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Bach flower remedies are a mixture of natural spring water and wild flowers that the website claim to cast out negative emotions such as fear, worry, hatred and indecision. There are 38 different wild flowers used for different types of negative emotions and these remedies come in 7 different products including pastilles, drops, melts and even pet products. I, however, was given the Bach Rescue Remedy Tongue Spray and the Bach Rescue Chewing Gum by my cousin. At first, I was very skeptical of how these products would work for me but my cousin insisted they worked for her so I was excited to try them. 

Bach Rescue Remedy Spray 20ml

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This little spray was bought from Holland and Barratt for £10.69 but is also available in other stores such as Boots or Superdrug. It came in a box with instructions. The instructions state to spray 2 squirts of the remedy into the mouth when needed. The taste wasn't something I was expecting at all. It tastes of alcohol, a mixture of wine and Baileys to be precise and I don't like it much at all! When I looked at the ingredients, there was a high percentage of grape in there to help preserve it, so I guess that's the alcohol taste. It states on their website that it is impossible to overdose on any Bach Remedy products due to the ingredients being 100% natural but 2 sprays was the recommended dose and is really all you need. Its a great size for my handbag and small enough to fit in your hand if you need a quick spray, however it isn't very discreet. I have used it at times when my anxiety levels are higher than normal, for instance when travelling on trains, and it has seemed to calm me down but I have received some funny looks while doing it. 

Bach Rescue Chewing Gum 17pcs

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These chewing gum pieces were also bought from Holland and Barratt for £4.89. These come in box with a self securing lid which is very handy for the handbag. It contains 17 bits of gum and my gum was spearmint flavour but I think there is a range of different flavours. Again these are available at other stores. The chewing gum contain 4 drops of the Bach Rescue Remedy, but you cant taste it at all - it just tastes like normal spearmint gum! I prefer using the gum over the spray due to the fact that you can go into your bag, pick a piece of gum and chew it. No one looks at your funny like they do with the spray. Again, these really seem to work and the taste lasts ages!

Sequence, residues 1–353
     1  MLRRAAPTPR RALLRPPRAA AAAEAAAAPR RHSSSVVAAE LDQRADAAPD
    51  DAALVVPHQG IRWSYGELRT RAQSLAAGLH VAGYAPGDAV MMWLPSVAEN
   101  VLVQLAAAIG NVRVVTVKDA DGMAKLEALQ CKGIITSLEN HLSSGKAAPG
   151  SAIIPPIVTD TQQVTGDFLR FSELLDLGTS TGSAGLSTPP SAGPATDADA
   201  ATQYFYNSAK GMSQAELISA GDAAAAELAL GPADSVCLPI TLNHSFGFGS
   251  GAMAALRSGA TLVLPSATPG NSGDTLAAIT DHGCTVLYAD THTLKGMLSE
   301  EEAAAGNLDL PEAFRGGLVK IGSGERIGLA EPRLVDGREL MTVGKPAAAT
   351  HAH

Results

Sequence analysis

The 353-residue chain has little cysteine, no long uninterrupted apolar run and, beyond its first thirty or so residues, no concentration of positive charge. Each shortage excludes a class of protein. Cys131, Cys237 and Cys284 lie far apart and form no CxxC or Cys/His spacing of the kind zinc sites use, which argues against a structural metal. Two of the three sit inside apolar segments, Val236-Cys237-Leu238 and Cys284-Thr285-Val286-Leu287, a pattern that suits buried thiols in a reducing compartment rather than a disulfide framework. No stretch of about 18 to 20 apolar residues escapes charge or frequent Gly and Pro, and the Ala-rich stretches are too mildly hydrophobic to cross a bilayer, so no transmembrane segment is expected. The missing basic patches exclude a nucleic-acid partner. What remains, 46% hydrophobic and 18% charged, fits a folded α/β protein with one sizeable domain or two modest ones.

Whether or not its my brain thinking these products are working or whether the Rescue Remedy within them helps calm my nerves or worries, these products really do work for me. I must point out that these are not a replacement for my prescribed anti-anxiety medication, I tend to grab for these when I become particularly anxious or worried and feel like I need to calm down. Because they are 100% natural too, I don't feel like i'm damaging my body by taking them, especially the gum because it just feels and tastes like normal gum. The price for all the Bach Rescue Remedy products are quite high in my personal opinion, however, they do seem to work for me so I will be repurchasing the gum once I run out, but not the spray. 

Here is the link to the Back Rescue Remedy website for you to have a more in depth look into the products they offer and maybe you can give them a go too!

 Leave a comment down below letting me know your experiences with this brand and if their products worked for you. 

Love Luce xo

Advice for Student Nurses

So as a third year student nurse who will be hopefully qualifying in approximately 11 months (eeeee!) I thought it would be a good idea to hand down my advice from my 2 full years of studying for a nursing degree to those in the first year or those who are thinking about choosing to study a degree in nursing. I write this post as if I was telling my first year self this advice as I would have loved to read or for someone to tell me something like this.

1. Be confident. I suffer with anxiety and I found it took me a while to adjust to walking onto a ward and suddenly, people the age of my Mum and Grandma were asking me for help. Me! You are training to help others, whether you're a childrens nurse, adult nurse, mental health nurse or learning disability nurse, people will need you and you have to be confident in yourself that you can do that. This is your degree, no one elses and you really do get out what you put in. You wont always get everything right, especially to start with, but don't panic. You are there to learn, and learning new skills brings confidence. You will get the hang of it no matter how much you tell yourself you wont. Which brings me onto my next piece of advice...